Demystifying the Not-Starving Artist

It’s 5am when my outdated iPhone buzzes against the embossed side table next to my bed. The table is exotic looking, an Indian-made, silver table that was bought at a chain discount store. Like most mornings, I roll over to blindly grab my phone, push snooze and savor another 10 minutes of mindless rest. Eventually I take a hot shower, pour some tea in a travel thermos, and jump into my not quite paid off 2012 Subaru Forester to start my morning commute.

This is my morning, Monday through Friday, for most of the calendar year. I am a Not-Starving Artist. I am a public school teacher in a Title 1 funded district. I work with a large percentage of the incoming refugee and immigrant population, navigating a mostly ELL (English Language Learner) population. And most importantly, I teach art.

I have felt compelled to write this blog post ever since starting my website back in December 2018. I made the conscious decision to focus more attention on my art practice, and treat it “like a business” as some colleagues had advised me to do. Although some of you may already know, that starting a creative business looks a lot more like obsessive social media usage. As a person who rarely uses social media, it was going to be a challenge. I began giving my Instagram and Facebook a facelift, then designed a professional website through Squarespace.

Many other Instagram art superstars have a similar business plan as I do. Usually this involved posting artwork every day, communicating with your followers on a regular basis, updating your website, making online sales, and developing video “Stories” of your day to day life. But there is a truth behind all of this that maybe only other artists know. And that is that most of these people do not do this kind of work as their full time job, most of these people have to support what they do with a side hustle or a full blown career.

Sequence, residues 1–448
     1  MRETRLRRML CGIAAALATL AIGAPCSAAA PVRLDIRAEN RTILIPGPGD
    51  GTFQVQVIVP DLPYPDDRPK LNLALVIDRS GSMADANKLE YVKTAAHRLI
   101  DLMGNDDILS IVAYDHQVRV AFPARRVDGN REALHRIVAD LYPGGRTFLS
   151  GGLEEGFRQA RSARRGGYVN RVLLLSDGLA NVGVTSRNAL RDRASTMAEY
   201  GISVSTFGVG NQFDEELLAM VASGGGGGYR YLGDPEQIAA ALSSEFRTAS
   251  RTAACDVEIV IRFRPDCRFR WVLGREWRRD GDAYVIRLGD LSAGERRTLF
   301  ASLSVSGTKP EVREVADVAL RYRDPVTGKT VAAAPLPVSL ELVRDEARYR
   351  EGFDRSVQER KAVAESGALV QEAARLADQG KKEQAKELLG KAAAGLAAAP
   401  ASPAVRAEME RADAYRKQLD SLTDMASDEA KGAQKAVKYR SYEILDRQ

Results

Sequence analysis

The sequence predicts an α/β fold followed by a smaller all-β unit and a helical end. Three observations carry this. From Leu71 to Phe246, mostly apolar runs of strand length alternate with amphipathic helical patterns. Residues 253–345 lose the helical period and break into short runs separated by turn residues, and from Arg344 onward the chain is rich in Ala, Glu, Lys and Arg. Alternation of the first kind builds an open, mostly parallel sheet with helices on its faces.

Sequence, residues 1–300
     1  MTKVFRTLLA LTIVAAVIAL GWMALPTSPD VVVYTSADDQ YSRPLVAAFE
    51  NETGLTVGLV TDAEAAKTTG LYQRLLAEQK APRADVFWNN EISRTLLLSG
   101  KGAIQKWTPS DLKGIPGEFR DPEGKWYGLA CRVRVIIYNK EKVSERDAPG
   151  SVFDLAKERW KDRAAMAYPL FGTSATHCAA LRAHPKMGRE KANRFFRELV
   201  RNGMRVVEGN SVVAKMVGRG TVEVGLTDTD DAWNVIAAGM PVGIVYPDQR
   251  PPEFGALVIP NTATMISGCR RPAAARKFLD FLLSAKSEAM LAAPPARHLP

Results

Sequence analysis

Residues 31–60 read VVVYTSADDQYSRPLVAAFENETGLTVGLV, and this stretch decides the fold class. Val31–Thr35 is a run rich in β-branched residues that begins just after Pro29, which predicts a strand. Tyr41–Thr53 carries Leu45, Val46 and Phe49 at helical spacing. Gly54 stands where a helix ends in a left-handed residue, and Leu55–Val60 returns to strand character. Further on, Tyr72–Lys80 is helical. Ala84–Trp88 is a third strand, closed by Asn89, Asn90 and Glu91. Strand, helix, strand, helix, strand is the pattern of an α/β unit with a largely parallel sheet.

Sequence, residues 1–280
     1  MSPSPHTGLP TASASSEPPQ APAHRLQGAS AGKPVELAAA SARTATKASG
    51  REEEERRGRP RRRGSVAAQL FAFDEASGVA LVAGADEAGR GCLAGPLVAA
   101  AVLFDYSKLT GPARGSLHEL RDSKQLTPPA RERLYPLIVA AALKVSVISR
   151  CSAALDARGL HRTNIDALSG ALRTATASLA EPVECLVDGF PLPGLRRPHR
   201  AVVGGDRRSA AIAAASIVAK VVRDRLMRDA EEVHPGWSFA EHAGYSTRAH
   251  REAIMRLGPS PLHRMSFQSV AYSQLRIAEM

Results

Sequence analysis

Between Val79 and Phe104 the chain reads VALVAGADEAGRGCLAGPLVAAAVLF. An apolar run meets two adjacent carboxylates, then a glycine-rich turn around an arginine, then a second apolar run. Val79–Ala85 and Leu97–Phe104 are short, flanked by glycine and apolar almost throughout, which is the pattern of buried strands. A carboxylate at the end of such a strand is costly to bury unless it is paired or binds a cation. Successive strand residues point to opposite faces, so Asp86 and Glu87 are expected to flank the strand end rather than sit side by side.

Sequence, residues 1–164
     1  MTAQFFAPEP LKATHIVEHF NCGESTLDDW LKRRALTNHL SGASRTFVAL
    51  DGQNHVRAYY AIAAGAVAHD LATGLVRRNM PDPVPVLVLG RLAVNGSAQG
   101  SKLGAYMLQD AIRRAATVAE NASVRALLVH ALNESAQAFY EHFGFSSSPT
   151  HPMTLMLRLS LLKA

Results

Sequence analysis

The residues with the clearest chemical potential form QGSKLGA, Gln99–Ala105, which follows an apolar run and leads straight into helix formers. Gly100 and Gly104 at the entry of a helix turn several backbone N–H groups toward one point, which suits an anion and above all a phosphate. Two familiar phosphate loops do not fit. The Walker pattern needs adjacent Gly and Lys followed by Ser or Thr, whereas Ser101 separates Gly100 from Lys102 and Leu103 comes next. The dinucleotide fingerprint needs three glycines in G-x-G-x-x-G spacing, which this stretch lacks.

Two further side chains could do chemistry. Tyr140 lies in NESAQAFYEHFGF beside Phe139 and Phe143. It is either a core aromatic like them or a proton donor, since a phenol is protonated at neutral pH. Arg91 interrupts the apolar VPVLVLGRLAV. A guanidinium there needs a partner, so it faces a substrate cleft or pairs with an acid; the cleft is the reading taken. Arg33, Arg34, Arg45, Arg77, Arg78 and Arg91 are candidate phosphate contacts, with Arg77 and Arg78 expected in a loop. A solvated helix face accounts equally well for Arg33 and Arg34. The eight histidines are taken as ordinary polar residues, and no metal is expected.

When I was a fresh faced graduate of my Bachelor’s of Fine Arts back in 2015, I was confronted with a decision. I could either find a job that I semi-enjoyed so I could pay for an apartment, and pay off my loans… or I could move to Brooklyn or San Francisco, live with a house full of misfits, and try my best to get accepted into the gallery world. As a young person who supports herself, I felt the urge to be independent and I immediately looked for a job. Years later I would pursue my Master’s Degree in Art Education so that I could have a job that involved art, had decent benefits, and a reliable schedule. The perk of it all was that I do truly enjoy teaching art.

But I do find myself thinking a lot these days about the handful of people I know that are self-sufficient artists. Sometimes I daydream about the day that I could maybe pursue such a thing. Knowingly, it requires a lot of work. And those who are full time artists are incredibly driven people. Not only are they motivated, but they are not starving. These people have many different streams of income, and vacations are not a common term in their vocabulary. In the meantime there is a different type of Not-Starving Artist, one that thinks practically and incrementally. Not only is it a lot of work to manage the M-F grind, but these people keep their passion alive and do what they can to make it work. And for that, they deserve a little recognition.